Our years of experience testing bikes and various components have taught us one thing: keeping variables (read: trails) fixed, that is riding on a familiar, well known track. The first lap down a trail is usually the one that most affects the results of a test. In this case, I’m speaking of a fork mounted on a bike that I’ve been using on home trails for more than six months, the Mondraker Foxy 29 , the variables are reduced to one: the new Manitou Mezzer.
The fork was officially presented during the bike festival last May:
Since this article mainly pertains to my first impressions of the fork, I won’t go too heavily into the details of the various settings explained in the video, because for the most part, I’ve stayed fairly close to Manitou’s guidelines which are listed below:
For me at 70 kg I took the values for the 73 kg riders. The Mezzer in test is a 29 inch with 160mm of travel. I inflated the IRT chamber to 84 psi and then the main one to 52 psi. The rebound is at 5 clicks from closed, the high speed compression remained at 1 click from the full open, while I ran low speed compression at 4. A note: I usually leave my HSC fairly open to avoid arriving at the end of descent with arm pump. I prefer suspension with fairly “compliant” behavior, also because I rarely ride bike parks, nor do my trails feature too many jumps.
On the IRT I’ll dive in further during the actual test, but in any case I’d refer you to the explanation made by Mauro Franzi for the Manitou Mattoc test. The interesting thing about this system is being able to maintain a very low pressure in the main chamber, which is a great advantage in the fork’s sensitivity to small bumps.
On an aesthetic level the Mezzer appears extremely massive, with its 37mm stanchions. Beautiful also is the fender that is found in the package, fixed to the typical Manitou reverse arch via three screws. Our measured weight, without fender, was 2.07 kg.
I rode the fork last Friday and Saturday on one of my favorite tracks to test the suspension: the descent from Monte Tamaro, Switzerland. 14 km for a difference in altitude of 1400 meters on a track that at first is very rocky, then fast and full of steps, finally becoming more flowy, then at the very end going back into a very technical part, again on rocks. The settings were identical both days.
What struck me most: how supportive the fork is is throughout its travel. Despite being very sensitive at the beginning of travel, the first cm are not eaten up too easily, but it always remains beautifully supple. It has a very slight ramp up until the last 2cm, where it then becomes very progressive.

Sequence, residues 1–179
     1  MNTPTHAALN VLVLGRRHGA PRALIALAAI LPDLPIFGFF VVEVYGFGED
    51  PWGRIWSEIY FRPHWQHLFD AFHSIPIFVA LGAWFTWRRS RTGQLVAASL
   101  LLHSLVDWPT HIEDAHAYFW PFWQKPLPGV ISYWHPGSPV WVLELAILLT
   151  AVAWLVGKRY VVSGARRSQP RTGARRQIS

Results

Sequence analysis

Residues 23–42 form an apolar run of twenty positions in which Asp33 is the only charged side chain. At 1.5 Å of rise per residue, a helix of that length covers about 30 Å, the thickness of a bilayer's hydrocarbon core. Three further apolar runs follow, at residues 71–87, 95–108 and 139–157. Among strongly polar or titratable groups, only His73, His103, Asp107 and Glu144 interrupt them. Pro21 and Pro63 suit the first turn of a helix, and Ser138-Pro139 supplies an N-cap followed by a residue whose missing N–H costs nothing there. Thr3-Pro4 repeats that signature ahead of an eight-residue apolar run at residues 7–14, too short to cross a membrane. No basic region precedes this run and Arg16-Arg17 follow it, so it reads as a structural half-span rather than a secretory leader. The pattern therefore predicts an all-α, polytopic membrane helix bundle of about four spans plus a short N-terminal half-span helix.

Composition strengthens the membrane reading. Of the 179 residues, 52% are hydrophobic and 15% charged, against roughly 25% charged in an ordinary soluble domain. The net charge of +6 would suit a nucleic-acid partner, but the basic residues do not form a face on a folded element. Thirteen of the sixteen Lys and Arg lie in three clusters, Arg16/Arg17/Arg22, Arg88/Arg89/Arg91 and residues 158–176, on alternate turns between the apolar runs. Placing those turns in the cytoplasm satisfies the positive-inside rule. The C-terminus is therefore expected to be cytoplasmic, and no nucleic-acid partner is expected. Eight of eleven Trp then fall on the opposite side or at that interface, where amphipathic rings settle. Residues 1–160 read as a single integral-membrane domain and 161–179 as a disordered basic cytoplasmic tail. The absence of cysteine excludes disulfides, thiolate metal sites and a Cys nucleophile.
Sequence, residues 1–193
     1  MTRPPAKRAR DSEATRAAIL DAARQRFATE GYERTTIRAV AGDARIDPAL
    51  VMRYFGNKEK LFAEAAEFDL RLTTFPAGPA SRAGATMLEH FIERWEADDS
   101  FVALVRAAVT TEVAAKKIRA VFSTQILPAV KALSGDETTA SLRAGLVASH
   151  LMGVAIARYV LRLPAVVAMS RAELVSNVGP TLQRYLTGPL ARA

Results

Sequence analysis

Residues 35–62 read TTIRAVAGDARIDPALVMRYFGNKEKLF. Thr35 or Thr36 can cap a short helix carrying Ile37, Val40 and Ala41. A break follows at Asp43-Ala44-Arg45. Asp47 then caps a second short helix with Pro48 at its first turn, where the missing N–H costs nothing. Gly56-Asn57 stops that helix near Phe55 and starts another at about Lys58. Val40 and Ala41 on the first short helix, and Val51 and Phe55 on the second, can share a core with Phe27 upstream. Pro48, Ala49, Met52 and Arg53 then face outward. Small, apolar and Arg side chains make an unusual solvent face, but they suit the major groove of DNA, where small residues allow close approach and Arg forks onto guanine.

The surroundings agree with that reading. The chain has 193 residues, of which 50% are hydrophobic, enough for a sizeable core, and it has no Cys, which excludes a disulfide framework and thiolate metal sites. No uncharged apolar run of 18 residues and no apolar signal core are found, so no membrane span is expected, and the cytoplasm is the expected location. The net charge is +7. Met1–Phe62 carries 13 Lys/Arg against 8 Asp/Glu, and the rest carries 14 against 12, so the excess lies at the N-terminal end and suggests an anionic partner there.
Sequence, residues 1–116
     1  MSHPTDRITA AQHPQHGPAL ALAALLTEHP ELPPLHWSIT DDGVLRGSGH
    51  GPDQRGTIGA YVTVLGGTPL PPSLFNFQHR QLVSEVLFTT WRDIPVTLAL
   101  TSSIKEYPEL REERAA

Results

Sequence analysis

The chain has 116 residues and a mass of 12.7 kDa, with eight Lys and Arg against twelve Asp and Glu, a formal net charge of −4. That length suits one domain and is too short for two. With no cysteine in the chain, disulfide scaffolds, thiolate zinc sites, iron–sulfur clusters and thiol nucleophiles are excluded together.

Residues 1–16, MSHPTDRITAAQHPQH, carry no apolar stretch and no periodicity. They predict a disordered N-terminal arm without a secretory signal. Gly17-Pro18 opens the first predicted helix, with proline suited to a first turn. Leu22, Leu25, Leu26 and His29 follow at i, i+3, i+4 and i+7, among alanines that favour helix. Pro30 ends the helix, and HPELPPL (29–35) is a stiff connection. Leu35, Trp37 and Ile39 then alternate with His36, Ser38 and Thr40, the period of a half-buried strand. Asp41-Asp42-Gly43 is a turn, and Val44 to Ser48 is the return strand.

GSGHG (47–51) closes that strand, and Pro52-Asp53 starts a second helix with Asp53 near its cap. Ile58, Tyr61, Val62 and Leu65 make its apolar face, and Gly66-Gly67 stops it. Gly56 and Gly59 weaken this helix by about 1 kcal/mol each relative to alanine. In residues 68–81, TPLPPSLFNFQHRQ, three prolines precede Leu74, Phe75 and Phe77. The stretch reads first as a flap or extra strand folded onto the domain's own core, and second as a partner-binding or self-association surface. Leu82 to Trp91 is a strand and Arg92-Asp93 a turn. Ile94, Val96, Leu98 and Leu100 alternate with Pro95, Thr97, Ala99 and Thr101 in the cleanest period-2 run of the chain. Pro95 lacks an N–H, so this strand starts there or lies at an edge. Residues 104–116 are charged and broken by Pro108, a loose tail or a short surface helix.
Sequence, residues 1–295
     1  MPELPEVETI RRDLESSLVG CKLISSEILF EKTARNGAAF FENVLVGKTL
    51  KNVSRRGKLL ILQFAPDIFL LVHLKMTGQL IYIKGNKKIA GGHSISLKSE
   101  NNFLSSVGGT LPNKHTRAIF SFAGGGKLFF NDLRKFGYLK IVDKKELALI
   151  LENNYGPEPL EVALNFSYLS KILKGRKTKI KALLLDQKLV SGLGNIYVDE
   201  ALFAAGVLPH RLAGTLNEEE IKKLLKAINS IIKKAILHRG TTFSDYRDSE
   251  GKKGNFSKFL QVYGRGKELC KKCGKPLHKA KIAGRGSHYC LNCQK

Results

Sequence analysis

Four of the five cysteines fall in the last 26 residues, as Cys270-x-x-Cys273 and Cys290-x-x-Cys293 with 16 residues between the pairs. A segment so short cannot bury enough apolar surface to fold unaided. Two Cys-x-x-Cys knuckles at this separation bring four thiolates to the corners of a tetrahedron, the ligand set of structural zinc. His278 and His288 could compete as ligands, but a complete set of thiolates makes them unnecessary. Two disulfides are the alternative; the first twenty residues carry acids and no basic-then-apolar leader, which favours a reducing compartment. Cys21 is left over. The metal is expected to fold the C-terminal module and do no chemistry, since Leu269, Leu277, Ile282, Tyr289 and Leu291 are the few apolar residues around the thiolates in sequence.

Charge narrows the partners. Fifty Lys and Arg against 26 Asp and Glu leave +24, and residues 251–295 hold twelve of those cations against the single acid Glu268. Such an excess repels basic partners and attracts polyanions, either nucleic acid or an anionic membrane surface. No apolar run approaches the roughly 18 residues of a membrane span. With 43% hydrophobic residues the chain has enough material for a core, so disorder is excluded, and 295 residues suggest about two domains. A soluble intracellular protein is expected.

In practice this manifests itself with a very quiet front wheel that is easy to keep under control and in an ideal trajectory. After a while I found myself choosing lines that I usually avoided because they presented an obstacle like a not so ideally placed rock. Since the Mezzer didn’t blow through the travel or bottom easily, I enjoyed going over boulders / rocks without thinking much about it. On the impacts that were more successive the sensation I got was, yes this is a fork that eats everything up, without however becoming too buttery and wallowing.
Considering that I left the high speed compression almost completely open, I can say that the factory setting is not overly “racey”, meaning it won’t hurt your hands. This argument, however, needs more evidence, because I mounted the Protaper cockpit, also part of the Hayes group, together with the Mezzer. A completely new carbon component can make it hard to judge vibration, feedback and blows to the rider’s hands. The brakes are the Dominion A4 tested a few months ago.
All in all, the first impressions were very positive. The Mezzer is certainly one of those forks that I have no problems in testing for a long time, because it is very stout and well-designed. It will be interesting to play around, combining the pressures of the main chamber with that of the IRT, as well as using different compression settings. Lastly, it’s worth mentioning: the clicks of the LSC knob bring a substantial difference between everything closed and all open, which is nice for fine tuning how much the front end sits up in the travel.